Avoid Travel Scams

If you have been offered a great bargain on a cruise or resort vacation, but you cannot seem to get all the details unless you pay the company first, you may be dealing with a travel scam.

Typically, scam operators won’t give you full and complete information in writing until after you’ve given them your credit card number. Once you do get further information, there will be restrictions and conditions which may make it more expensive, or even impossible, to take your trip.

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While getting a refund is sometimes possible, it’s better to avoid paying anything in the first place. While there is a chance that you might be missing out on a great deal, it’s best to avoid something that looks like a scam and just look for the genuine travel deals from reputable places.

Be extremely skeptical about unsolicited e-mail, postcard and phone solicitations saying you’ve been selected to receive a fabulous vacation or anything free. Be especially wary of firms requiring you to wait at least 60 days to take your trip.

Some offers might sound great on the surface, but be sure to read the terms and conditions carefully. Certain offers impose so many requirements and restrictions, such as black-out dates and companion fees, that you will either never have the chance to take the trip or you will have to pay more.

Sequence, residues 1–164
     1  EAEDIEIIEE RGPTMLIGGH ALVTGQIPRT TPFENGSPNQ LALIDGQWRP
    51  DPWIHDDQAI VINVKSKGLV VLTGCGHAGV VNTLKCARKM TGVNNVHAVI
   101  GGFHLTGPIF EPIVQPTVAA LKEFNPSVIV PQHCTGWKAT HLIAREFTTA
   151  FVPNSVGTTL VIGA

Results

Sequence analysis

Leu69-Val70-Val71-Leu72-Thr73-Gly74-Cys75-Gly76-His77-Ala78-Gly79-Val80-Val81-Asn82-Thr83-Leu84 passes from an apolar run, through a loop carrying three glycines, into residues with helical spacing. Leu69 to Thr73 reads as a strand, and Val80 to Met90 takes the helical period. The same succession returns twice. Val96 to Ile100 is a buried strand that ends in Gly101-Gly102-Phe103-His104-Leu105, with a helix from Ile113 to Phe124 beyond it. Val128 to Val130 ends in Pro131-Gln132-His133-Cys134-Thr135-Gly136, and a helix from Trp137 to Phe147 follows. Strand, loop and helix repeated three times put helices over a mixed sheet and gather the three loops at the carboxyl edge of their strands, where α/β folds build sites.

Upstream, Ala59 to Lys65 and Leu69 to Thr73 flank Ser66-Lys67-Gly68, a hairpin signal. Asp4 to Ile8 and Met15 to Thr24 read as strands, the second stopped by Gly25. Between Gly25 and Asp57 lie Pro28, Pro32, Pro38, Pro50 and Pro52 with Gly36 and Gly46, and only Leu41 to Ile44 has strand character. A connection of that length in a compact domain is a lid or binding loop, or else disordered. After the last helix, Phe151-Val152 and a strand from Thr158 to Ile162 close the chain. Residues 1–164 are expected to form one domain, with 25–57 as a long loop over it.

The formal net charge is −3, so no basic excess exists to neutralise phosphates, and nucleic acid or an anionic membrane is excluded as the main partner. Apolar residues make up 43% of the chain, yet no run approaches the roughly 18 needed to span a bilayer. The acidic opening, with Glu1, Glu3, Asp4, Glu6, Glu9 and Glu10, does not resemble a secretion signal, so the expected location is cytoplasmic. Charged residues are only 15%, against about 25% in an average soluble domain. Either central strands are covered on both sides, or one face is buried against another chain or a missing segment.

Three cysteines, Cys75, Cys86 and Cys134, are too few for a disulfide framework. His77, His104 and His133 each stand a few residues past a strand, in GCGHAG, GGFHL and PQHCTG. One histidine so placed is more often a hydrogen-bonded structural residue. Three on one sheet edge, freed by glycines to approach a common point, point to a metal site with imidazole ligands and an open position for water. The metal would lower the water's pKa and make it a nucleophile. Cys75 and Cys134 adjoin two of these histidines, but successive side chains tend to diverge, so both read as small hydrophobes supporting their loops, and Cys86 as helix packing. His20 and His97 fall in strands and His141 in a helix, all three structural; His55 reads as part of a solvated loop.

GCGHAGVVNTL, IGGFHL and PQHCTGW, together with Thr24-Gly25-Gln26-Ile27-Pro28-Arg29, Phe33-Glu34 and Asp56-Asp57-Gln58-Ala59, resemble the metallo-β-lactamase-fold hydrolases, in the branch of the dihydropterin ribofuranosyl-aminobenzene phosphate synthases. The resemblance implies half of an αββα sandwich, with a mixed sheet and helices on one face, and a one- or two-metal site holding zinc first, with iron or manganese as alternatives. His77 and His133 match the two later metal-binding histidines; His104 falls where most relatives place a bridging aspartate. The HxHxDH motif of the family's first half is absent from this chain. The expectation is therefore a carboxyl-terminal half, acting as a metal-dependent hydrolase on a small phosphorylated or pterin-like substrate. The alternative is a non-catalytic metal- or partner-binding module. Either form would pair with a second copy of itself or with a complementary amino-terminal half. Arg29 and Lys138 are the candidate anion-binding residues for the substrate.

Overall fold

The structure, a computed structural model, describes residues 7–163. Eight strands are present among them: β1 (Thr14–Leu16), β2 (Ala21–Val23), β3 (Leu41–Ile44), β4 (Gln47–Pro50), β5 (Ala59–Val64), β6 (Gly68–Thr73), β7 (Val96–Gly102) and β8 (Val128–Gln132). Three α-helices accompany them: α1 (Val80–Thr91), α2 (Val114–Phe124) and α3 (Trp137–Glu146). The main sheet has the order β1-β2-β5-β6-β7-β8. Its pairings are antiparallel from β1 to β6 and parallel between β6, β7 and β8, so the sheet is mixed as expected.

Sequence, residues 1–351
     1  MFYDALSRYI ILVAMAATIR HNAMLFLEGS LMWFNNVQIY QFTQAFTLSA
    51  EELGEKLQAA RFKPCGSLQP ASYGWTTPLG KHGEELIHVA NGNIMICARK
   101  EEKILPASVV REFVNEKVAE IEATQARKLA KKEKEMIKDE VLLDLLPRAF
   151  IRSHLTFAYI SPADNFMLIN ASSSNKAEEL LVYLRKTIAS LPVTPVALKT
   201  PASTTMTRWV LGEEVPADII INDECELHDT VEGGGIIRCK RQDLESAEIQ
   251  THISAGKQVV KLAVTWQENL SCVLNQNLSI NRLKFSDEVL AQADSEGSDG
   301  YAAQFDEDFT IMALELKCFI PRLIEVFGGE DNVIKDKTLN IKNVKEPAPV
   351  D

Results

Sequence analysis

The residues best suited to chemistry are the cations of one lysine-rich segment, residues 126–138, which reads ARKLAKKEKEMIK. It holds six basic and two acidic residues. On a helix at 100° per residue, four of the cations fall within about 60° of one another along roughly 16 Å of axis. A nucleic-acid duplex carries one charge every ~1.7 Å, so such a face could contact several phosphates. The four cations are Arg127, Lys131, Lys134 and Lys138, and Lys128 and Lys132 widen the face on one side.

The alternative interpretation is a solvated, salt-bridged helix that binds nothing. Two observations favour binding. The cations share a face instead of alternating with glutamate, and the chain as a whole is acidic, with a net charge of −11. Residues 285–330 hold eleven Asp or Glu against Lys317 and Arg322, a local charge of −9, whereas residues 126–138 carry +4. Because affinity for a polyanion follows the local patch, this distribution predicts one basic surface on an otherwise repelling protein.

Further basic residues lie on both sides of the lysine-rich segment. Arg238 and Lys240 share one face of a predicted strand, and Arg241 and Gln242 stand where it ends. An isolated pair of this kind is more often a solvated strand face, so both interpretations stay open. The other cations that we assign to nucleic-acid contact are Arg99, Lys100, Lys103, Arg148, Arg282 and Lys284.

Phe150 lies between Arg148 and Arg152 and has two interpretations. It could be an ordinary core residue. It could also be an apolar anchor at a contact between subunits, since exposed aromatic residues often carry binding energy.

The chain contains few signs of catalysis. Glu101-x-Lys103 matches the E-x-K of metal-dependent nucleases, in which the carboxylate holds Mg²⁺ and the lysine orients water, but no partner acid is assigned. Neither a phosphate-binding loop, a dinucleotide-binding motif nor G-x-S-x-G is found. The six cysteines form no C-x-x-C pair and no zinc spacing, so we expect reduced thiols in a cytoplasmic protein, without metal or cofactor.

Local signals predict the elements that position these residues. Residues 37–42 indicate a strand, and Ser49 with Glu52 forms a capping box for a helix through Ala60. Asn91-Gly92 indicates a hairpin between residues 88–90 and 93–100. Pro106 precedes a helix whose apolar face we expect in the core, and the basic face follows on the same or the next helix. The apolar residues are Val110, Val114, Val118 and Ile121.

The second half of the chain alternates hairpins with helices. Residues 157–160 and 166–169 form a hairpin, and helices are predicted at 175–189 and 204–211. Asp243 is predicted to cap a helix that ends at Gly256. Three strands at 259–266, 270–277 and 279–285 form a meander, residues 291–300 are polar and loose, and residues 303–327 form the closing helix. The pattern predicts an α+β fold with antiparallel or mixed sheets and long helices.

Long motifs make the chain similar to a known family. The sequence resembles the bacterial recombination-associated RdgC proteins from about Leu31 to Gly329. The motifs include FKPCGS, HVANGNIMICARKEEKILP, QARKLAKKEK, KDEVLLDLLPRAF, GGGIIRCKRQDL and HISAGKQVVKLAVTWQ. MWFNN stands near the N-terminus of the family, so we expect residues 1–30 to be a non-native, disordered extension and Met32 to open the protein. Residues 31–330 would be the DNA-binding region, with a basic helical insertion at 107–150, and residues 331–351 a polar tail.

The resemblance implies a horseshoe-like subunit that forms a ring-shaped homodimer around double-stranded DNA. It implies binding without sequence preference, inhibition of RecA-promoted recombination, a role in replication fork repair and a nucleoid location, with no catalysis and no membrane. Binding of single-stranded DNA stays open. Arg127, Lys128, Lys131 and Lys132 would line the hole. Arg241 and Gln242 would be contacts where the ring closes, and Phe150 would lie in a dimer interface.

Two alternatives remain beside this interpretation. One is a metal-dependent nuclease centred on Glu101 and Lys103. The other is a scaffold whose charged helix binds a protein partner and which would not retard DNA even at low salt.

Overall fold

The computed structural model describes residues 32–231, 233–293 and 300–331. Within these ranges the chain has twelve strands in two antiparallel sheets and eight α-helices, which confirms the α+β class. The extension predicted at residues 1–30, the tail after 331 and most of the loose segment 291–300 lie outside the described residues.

Keep private information private. Never give out your credit card number unless you initiate the transaction and you are confident about the company with which you are doing business. This applies to things other than just travel.

You should receive complete details in writing about any trip prior to payment. These details should include the total price; cancellation and change penalties, if any; and specific information about all components of the package.

Know when to walk away from high-pressure sales presentations they are often a waste of time anyway, even if they offer a free gift.

Always pay with a credit card if possible. Even legitimate companies can go out of business. Countries have laws to protect consumers, and banks will often give you a refund if you paid by card and the payee went bust.

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